Updated 1:25 p.m.

While the fire danger across most of Montana ranges from ''Very High" to 'Extreme', firefighters are holding their own against most of the state's largest wildfires.

The 6,858-acre Rice Ridge Fire continues its active burn northeast of Seeley Lake. Though it still stands at zero-percent containment, fire teams Wednesday took advantage of the relatively calm weather to make progress where possible.

At 6 this morning, the Eastern Area Incident Command Team assumed command of the Rice Ridge. This Type 2 Incident management Team is led by Incident Commander Steve Goldman. A public meeting will be held tonight, August 3 at 6 p.m. at the Seeley Lake Elementary School Gymnasium. Representatives from the Rice Ridge Fire, the Liberty Fire and state and local government will provide an update on the current fire status, plans for the next several days of work as well as information on evacuation procedures should it become necessary.

Heavy aircraft presence yesterday on the south end of the Rice Ridge Fire slowed growth to the south and west. Fire crews on the ground were able to make progress in building control lines on the south side of the fire due to lower winds, and increased relative humidity resulting in a decrease in fire intensity. At mid-day on August 2 air operations over the fire had to be suspended due to a civilian flying a UAS or “drone” in the vicinity of Seeley Lake.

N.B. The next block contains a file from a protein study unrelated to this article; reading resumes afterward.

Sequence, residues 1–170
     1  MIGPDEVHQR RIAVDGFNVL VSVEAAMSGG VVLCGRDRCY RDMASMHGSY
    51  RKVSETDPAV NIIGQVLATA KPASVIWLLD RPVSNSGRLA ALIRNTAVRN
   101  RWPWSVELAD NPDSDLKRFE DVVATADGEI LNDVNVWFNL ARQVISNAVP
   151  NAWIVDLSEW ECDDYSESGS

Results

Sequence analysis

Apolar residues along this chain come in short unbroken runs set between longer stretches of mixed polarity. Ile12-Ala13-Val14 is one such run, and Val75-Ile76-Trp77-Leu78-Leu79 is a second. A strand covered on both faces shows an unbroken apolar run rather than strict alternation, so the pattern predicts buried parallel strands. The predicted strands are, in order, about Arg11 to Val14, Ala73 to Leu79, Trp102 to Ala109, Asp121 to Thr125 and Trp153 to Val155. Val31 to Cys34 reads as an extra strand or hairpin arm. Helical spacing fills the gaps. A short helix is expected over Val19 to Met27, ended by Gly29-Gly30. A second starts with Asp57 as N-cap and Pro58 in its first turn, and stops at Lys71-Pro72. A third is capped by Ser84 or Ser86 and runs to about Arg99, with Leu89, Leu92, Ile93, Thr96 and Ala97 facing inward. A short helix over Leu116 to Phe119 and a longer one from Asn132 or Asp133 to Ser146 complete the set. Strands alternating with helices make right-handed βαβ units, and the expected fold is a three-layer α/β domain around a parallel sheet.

Flying a drone in the area of a wildland causes all firefighting aircraft to be grounded. It is a Federal offense to fly within a Temporary Flight Restriction zone. Other aircraft, including remote control aircraft, in the vicinity of firefighting aircraft pose a serious hazard. Firefighting aircraft cannot fly if drones or remote control aircraft are in the air. Do not fly such aircraft within the temporary flight restriction area.

Today’s objectives include building fireline on the south end of the fire, conducting structure protection work on properties to the south of the fire and along the Highway 83 corridor, improving on existing control lines and installing hose lines for future needs. Crews will continue to assess properties and prepare structure protection plans for the Highway 83 Corridor and the Town of Seeley Lake.

The evacuation warning issued to residents on both sides of Highway 83 south of Rice Ridge Road to Morrell Creek and south of Cottonwood Lakes Road east of Highway 83, including the town of Seeley Lake and Double Arrow Ranch is still in effect. No actual evacuations have been ordered.

Firefighters are mourning the death of one of their comrades who was killed Wednesday while working on the Lolo Peak Fire ten miles southwest of Lolo. That 6,542-acre fire continues burning in rugged country. Crews have completed almost 30 miles of control line between the fire and homes along the Highway 12 and Highway 93 corridors. Highway 12 remains open. No stopping along the road to view the fire activity.